Most salespeople are fine with being accountable. However, a sales manager might see it differently.…
Change is Inevitable, Simple, But Not Easy. For salespeople, to change is no different for us than anyone else. It’s hard. Really hard. And it is especially hard when you don’t want to change. You’ve heard the phrase “change agent”. To be a change agent you must embrace the challenge, opportunity or creation of change and make it happen. Easy! Really easy! Not!!
We can give so many reasons as to why change isn’t a good thing or a workable thing or a smart thing, especially when it impacts “me.” But the gross fact is that we do need to be a change agent at some point in our sales career. Some of those changes might be small and some monumental. However, avoiding it, trying to sabotage it or taking a “dig my heals in” attitude only makes it worse.
If you don’t want to be a change agent—I mean really don’t want to change—and you’re in a sales position, it may be time to evaluate your career path or career field. On the other hand, if you want to be open to change, whether given externally or driven internally, you’ll need to address and embrace these simple ABCs:
Most everyone that has been in any type of sales training during their career has heard of Zig Ziglar. He had a saying—“Your attitude, not your aptitude, will determine your altitude.” In other words, you may have the ability to get the job done, but your attitude has more to do with your success. Moreover, we all know someone with a bad attitude who is a constant roadblock as well as a “glass half full” person with a “can do” attitude that makes things happen. One is a drain and the other pumps you up.
How do you check your own attitude? Ask for feedback from those you work with and that should include your direct reports and/or peers and your own supervisor. If you can’t or won’t, force it by utilizing an off-the-shelf, 360 evaluation process. You’ll get solid feedback, albeit anonymously. Also, read all you can about attitude, talk with others about it and actively work on a productive attitude toward gaining altitude. Remember the adage ‘you are who you surround yourself with?’ Spend more time with the half-full, can-doers. It will rub off!
What?! Yes…exactly. Believe. You must believe that you will change. To believe is an active exercise, not a passive wish or hope. You will need to not only force yourself into a reality check, but you’ll need an attitude adjustment, no doubt, as we just covered. Above all, you’ll need a full-blown, “all in”, get after it, no holds barred, no looking back, I’ve got this, attitude. And that attitude will need to be grafted to your belief that you will change or accept the change placed in front of you.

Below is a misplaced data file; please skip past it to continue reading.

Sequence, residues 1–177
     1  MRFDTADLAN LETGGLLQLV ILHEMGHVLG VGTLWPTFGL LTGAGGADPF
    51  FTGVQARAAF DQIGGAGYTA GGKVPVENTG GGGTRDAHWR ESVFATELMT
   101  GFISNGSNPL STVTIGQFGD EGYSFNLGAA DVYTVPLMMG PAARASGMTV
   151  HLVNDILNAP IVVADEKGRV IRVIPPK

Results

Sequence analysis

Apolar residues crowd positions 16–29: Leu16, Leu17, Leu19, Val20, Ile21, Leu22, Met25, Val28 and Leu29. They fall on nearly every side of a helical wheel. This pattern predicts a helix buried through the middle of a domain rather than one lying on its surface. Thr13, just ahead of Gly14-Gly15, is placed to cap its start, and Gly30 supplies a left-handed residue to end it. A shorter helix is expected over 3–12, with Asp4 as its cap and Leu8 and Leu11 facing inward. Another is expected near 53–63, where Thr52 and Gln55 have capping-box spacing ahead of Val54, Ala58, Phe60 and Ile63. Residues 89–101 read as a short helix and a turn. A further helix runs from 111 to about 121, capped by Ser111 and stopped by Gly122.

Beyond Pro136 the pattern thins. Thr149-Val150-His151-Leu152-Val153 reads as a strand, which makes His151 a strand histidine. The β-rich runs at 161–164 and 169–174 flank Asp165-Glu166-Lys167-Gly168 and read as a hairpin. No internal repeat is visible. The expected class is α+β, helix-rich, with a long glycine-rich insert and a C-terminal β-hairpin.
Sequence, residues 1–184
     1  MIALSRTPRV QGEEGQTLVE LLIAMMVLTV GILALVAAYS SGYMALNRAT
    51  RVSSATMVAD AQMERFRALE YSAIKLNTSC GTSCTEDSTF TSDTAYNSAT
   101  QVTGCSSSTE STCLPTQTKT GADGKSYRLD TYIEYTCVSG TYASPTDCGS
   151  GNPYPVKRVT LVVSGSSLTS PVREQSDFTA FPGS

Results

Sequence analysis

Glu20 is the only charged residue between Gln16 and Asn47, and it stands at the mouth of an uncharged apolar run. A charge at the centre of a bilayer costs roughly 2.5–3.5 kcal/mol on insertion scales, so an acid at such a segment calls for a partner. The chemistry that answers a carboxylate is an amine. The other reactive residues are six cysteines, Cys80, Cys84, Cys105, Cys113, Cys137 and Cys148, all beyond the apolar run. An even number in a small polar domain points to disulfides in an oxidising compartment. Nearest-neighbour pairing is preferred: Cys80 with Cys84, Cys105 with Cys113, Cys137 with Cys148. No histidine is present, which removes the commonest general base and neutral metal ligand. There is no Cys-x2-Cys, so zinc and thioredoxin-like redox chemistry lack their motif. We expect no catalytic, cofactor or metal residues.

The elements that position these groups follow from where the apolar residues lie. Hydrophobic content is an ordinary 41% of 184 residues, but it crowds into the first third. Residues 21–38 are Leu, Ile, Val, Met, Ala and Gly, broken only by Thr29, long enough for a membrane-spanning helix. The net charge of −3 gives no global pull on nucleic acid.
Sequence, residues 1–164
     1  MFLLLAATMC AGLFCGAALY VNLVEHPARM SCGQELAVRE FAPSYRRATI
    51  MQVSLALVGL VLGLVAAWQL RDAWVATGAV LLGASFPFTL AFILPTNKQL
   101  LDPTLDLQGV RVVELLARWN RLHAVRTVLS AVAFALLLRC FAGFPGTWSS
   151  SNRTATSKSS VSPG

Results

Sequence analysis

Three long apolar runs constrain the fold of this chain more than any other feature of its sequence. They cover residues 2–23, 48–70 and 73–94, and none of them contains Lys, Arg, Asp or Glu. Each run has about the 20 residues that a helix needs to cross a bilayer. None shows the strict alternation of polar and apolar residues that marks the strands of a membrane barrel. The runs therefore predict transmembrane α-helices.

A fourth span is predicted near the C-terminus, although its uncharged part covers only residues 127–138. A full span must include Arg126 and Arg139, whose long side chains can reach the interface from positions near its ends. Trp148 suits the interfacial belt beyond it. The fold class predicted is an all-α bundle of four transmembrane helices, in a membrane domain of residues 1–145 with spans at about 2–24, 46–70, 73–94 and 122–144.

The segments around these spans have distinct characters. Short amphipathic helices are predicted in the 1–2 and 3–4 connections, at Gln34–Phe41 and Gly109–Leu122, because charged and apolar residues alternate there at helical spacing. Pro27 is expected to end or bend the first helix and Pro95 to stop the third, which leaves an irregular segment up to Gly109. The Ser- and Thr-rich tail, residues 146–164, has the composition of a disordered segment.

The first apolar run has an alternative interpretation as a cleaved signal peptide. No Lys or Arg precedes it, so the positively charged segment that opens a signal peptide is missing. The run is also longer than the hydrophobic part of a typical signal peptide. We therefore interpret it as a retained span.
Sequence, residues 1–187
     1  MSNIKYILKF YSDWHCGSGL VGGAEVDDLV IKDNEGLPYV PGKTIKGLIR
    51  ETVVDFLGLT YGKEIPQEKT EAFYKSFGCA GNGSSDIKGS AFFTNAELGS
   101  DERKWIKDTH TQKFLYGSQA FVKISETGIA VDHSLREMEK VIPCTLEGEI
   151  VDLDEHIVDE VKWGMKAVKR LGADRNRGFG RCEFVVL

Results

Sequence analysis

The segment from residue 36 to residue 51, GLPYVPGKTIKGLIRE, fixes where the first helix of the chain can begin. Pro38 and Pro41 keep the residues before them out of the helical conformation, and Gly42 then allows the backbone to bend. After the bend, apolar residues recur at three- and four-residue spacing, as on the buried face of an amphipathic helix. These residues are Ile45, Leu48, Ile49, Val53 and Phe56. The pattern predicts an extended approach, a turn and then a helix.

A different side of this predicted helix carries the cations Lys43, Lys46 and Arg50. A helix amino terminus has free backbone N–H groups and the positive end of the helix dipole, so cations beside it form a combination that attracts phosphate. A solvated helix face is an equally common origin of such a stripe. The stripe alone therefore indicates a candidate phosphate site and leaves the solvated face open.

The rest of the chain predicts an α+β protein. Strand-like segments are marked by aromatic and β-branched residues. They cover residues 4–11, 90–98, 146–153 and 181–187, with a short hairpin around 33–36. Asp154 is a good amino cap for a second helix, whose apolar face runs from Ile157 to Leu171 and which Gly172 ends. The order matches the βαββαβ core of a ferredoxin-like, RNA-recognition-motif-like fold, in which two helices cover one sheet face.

How will you believe? The dictionary definition of believe is: “to accept as true or real.” Think of it this way. When a child’s parent is just inches away and says, “jump, I’ll catch you”, that child must believe for the “jump” to take place. Similarly, if I’m a sales manager and the company is changing my comp plan and my team’s comp plan, I must believe it so that I can embrace the change, and lead my team to embrace it too.
With a good attitude and a belief that you can change or embrace a change, it is time to move into the commitment phase. NFL coach and legend, Vince Lombardi, said this about commitment: “The quality of a person’s life is in direct proportion to their commitment to excellence, regardless of their chosen field of endeavor.” This was a man that understood that a commitment—a personal contract if you will—was required to move toward change in life or in one’s chosen field.
What does commitment entail? Commitment takes active work—daily. It is an on-going effort. To do that, you’ll need to find reinforcing ways that work for you. For example, find an accountability partner. Post your commitment as a reminder on your laptop. Actively talk about it with trusted friends or a mentor. Schedule a meeting with yourself to document your commitment – what’s pulling you toward it and what’s pulling you away. However, don’t just say you’re going to commit. Write it down, say it aloud. Be active and very intentional in your commitment.
In conclusion, change isn’t easy, but to make change in yourself and embrace change around you, you’ll need to adjust your attitude, believe and make a commitment to change and be a change agent.
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